Man Claims He Got A 'Saman' For Using Sunshades. Here's What The Cops Have To Say

The authorities have reminded the public not to spread false information after the man's post went viral on social media.

A man took to social media to express his anger for being issued a summon yesterday, 6 September

Image via Facebook

In the incident that happened yesterday afternoon, he alleged that he was stopped by a police officer, who then issued a summons to him for putting up sunshades on his car windows.

He included two photos in the post, one of which showed the summons slip that stated the offence committed was "putting something on the window" (tampal sesuatu pada cermin) while the other was a photo a sunshade on the car window.

Image via Facebook

The man included a dialogue with the police officer in the post, in which he claimed that he is "anti-corruption" after the police officer allegedly asked him, "So, apa macam boss?" (So how, boss?)

Image via Facebook

The post has gone viral, receiving more than 10,000 shares at the time of writing.

The police have responded to the viral post by issuing an official statement today, 7 September.

In the statement issued by Serdang District Police chief ACP Megat Mohd Aminuddin Megat Alias, which was shared on Polis Selangor Facebook page, the authorities said that they were aware that the man's post has gone viral on social media and took the chance to point out what really happened.

According to the police, the man was driving a Toyota Hilux and the vehicle was stopped during an operation yesterday afternoon at Jalan Serdang Perdana due to its tinted windows.

The police said in the statement that a summons was issued by the traffic officer under Section 4(B) PU(A) 039/91 of the Motor Vehicle Rules (Prohibition on Specific Types of Glass).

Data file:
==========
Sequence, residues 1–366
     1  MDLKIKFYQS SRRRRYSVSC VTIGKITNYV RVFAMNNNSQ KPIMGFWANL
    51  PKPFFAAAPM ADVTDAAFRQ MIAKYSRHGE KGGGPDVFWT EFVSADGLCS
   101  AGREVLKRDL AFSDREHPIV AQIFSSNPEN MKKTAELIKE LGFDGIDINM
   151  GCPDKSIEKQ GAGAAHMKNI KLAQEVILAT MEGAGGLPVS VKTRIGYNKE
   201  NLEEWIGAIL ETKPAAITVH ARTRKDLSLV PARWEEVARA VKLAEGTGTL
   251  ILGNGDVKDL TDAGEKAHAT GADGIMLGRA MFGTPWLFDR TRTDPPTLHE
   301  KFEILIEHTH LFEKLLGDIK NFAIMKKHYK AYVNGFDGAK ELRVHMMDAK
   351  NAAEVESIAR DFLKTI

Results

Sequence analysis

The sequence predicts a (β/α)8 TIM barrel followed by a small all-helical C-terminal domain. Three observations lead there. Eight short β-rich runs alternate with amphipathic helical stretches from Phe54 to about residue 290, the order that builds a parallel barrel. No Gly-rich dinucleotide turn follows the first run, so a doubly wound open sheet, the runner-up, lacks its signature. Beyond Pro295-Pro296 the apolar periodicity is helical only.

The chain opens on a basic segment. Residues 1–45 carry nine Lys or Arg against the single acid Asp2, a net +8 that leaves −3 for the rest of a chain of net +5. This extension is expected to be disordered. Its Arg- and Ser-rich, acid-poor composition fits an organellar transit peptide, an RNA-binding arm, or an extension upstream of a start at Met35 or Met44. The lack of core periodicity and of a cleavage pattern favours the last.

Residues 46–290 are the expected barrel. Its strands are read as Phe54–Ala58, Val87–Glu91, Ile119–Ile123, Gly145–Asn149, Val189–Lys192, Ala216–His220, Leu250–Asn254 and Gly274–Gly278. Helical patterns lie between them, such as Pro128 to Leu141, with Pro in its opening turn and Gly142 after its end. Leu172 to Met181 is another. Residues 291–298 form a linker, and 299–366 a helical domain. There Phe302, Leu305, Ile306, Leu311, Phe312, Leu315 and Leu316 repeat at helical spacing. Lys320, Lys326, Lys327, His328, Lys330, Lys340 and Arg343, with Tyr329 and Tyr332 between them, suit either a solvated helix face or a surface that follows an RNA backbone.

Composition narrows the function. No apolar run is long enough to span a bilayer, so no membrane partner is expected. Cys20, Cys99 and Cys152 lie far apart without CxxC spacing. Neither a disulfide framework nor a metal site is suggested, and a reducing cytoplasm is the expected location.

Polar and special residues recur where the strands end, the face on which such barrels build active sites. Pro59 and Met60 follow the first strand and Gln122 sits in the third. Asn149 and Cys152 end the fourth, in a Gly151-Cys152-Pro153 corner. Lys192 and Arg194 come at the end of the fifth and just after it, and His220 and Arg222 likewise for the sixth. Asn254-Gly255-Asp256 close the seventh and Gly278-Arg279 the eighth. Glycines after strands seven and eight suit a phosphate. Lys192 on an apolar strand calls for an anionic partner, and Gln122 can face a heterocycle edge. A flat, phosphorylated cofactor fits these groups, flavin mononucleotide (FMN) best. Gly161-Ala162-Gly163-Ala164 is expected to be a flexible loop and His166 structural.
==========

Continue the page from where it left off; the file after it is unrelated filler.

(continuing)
According to a post published on Friends Of PDRM's blog today, 7 September, the 'tampal sesuatu pada cermin' offence is specified under the Motor Vehicle Rules (Prohibition on Specific Types of Glass) 1991 PU(A) 39/91 - 004(B) which states that the use of curtains, venetian blinds, or other material fitted in a motor vehicle to shield the interior of the motor vehicle is not allowed.

Additionally, the police said that the image of the sunshades on the car window is a photo that was taken from Google and it is not the actual photo of the man's vehicle

Image via Polis Selangor

A photo of the man's driving license with what appears to be a tinted window in the background was also shared in the Polis Selangor Facebook post.

This is apparently the same image that can be seen at the bottom of the summons slip that was shared by the man earlier.

Image via Polis Selangor

The police also said in the statement that they viewed the complaint seriously and will launch investigations against anyone who spread the viral post because "the act is purposely done to undermine the image and credibility of PDRM (Royal Malaysia Police)".

The public was reminded that action can be taken against those who distribute false information under Section 233(1)(a) of the Communications and Multimedia Act 1998 (Act 588) and Section 4(1) of the Sedition Act 1948.

The authorities also advised the public not to disseminate or share false information because such irresponsible acts can affect public order.

Meanwhile, the man has denied allegations that he had used a photo taken from Google's search results

The man said in new Facebook post that was published today, 7 September, that the photo of the sunshade on a window was indeed his own.

In the post, he shared a photo that shows a hand holding up a summons with a sunshade on the window in the background.

So is it illegal to put sunshades on your car window?

Although "curtains, venetian blinds, and other materials" are prohibited in a motor vehicle under Rule 4(1) of the Motor Vehicles (Prohibition of Certain Types of Glass) Rules 1991, it appears that driver and passengers could use sunshades to shield themselves from the glare and heat of the sun.

This was revealed by Road Transport Department (JPJ) deputy director-general Datuk Yusoff Ayob, who was the then Selangor JPJ director, a few years ago.

"Motorists are allowed to use sunshades or place towels on car windows to block out the sun. This is allowed because sunshades and towels are not permanent and can be removed when needed. Stickers and curtains are permanent and they reduce the driver's view," he was quoted as saying in a report by The Star in 2012.

What are your thoughts on this issue? Share with us in the comment section below.

In other news, the Road Transport Department (JPJ) recently clarified that even motorcycles cannot occupy the emergency lane:

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